I have been noticing for years the presence of two strange files in the file system of my computers:
- pidpropsca.dll in C:
- pidca.dll in C:\Program Files
Finally I decided today to investigate what they are, where they came from and more importantly, if I can delete them.
I thought it would be easy searching on the web. But both Google and Bing returned an incredible small list of results, and none of them was useful. The Pidpropsca.dll doesn’t have copyright but the other one, pidca.dll, belongs to Microsoft, and they were created in 2005 and 2006. No many clues here.
Then I used the Dependency Walker (depends.exe) utility to inspect the functions exported by those dlls. I found something more interesting:
- pidca.dll exports the functions ValidateProductID and DllMain
- pidpropsca.dll exports the functions SetAcademicProps and SetPidProps
It was the latter the one that gave me the clue, because “Academic” is something that Microsoft Visual Studio uses as one of the SKUs for editions. Also, I learned some days ago that to go from the Visual Studio 2010 Trial Edition that I got from Microsoft some days ago to the RTM release that was published on MSDN Subscriber Downloads some days later you need a “pid”, which I guess it means “Product ID”. So, the dlls came from some Visual Studio version. I started searching the setups of all Visual Studio versions and I was lucky enough to find them at the fist version that I tried: the Visual Studio 2005 Team Edition for Database Professionals. This team edition came as a separate product after Visual Studio 2005, which originally only offered Team Edition for Developers, for Architects or for Testers, and the unified Team Suite. The setup folders of Visual Studio 2005 Team Edition for Database Professionals contain those two dlls.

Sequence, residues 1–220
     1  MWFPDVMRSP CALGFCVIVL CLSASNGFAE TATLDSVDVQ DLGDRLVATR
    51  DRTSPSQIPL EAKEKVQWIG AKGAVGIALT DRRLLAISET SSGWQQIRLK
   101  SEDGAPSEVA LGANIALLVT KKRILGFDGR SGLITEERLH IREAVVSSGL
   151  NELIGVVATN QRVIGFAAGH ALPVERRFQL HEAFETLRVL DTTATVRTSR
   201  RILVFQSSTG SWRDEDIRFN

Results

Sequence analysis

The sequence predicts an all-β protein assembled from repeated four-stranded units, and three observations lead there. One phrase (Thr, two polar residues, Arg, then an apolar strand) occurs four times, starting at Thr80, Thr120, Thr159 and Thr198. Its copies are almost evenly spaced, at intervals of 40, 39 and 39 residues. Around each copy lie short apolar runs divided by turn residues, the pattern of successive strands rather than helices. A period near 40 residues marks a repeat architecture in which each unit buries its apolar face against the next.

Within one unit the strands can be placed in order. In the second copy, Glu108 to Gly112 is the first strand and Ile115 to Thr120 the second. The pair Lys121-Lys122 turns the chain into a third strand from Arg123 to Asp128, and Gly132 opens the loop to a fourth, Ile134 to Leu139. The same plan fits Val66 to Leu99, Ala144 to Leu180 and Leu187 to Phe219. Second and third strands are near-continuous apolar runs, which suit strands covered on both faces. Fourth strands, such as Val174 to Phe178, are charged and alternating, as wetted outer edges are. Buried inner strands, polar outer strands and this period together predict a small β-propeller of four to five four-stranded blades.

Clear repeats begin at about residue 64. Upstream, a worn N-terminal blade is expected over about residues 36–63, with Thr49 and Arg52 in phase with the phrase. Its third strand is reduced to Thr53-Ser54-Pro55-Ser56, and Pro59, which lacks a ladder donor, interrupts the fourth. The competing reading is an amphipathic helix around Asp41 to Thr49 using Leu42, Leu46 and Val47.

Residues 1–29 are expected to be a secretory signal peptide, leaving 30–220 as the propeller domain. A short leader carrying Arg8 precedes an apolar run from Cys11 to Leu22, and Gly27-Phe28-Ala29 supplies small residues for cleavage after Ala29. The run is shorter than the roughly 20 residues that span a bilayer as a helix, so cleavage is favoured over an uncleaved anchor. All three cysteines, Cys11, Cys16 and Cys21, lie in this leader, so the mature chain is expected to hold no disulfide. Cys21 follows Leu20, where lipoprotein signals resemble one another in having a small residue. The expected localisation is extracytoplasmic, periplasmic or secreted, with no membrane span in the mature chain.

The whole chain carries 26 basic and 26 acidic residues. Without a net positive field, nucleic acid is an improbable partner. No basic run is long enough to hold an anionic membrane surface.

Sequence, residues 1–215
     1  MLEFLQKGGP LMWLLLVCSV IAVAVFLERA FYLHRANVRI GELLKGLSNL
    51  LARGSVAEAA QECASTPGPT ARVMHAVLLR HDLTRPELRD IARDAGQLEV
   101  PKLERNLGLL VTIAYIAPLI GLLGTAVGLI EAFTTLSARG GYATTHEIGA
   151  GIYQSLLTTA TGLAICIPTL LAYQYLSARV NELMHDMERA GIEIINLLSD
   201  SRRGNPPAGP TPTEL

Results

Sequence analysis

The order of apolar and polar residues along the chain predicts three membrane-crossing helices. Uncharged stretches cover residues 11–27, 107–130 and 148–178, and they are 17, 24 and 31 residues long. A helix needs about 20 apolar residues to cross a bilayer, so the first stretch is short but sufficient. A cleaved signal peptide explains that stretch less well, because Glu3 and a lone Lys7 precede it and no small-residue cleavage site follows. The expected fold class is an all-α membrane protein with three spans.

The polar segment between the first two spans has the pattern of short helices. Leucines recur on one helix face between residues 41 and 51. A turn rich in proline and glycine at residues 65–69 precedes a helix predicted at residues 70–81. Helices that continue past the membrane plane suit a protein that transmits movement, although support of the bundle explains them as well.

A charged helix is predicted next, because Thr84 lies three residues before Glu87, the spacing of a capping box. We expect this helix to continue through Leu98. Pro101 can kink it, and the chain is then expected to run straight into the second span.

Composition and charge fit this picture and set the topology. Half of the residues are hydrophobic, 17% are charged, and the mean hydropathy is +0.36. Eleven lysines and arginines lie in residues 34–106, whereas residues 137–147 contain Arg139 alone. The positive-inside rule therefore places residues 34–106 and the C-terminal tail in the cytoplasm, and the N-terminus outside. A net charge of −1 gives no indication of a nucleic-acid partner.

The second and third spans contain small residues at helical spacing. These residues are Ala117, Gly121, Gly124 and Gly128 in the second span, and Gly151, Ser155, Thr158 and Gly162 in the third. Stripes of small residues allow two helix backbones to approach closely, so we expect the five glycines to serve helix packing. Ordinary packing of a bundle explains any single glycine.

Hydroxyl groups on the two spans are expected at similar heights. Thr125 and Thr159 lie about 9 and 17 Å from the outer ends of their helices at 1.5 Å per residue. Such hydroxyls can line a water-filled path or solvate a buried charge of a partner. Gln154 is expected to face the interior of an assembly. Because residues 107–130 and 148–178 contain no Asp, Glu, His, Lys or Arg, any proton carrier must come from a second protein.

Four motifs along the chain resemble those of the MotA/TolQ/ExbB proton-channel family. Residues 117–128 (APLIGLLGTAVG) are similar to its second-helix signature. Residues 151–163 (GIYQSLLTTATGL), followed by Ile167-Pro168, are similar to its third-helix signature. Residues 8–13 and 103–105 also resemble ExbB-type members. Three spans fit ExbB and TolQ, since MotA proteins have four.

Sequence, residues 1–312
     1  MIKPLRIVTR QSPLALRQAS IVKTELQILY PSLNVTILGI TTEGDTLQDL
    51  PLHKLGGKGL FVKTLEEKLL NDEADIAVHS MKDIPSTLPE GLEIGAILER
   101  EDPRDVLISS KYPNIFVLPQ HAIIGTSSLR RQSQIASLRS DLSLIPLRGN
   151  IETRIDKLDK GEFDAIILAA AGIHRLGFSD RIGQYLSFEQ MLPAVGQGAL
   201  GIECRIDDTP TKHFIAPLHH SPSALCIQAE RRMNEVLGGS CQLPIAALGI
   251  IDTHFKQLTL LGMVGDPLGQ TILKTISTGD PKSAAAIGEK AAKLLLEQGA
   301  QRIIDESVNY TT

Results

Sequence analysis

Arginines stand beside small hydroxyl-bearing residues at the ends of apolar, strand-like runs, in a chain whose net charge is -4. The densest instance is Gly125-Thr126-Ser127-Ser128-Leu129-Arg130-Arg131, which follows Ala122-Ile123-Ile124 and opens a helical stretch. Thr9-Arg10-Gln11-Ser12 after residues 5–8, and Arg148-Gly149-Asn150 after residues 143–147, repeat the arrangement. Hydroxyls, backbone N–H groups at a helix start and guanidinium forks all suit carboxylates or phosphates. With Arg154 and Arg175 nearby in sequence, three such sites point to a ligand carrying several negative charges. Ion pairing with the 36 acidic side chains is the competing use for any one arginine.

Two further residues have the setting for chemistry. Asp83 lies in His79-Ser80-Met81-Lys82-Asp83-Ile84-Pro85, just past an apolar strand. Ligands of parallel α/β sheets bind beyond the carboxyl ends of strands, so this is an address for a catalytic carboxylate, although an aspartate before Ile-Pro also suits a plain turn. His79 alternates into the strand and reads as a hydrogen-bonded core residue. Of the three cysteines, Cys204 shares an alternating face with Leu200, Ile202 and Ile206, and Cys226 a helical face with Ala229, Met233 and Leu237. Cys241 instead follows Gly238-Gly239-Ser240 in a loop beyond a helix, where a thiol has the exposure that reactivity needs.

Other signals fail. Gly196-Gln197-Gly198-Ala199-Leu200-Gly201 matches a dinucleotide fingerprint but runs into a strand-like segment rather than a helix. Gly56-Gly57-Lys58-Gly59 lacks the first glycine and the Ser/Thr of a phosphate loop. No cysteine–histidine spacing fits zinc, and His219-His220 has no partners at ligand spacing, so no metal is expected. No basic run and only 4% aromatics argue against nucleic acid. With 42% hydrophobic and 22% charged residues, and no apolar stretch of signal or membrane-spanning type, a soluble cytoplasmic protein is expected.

I found later from this post of Quan To that “ca” stands for Crypto API and that during the installation of Visual Studio some data needs to be encrypted. Somehow the Visual Studio 2005 Team Suite and the Visual Studio 2008 Team Suite (which includes the Team Edition for Database Professionals) do all that stuff without using or leaving those two dlls in the file system. But Visual Studio 2005 Team Edition for Database Professionals uses and leaves them and since it was a separate product that I guess not many developers installed (I did because my MZ-Tools add-in supports it for some features), it is no surprise that there aren’t many search results on the web about those dlls.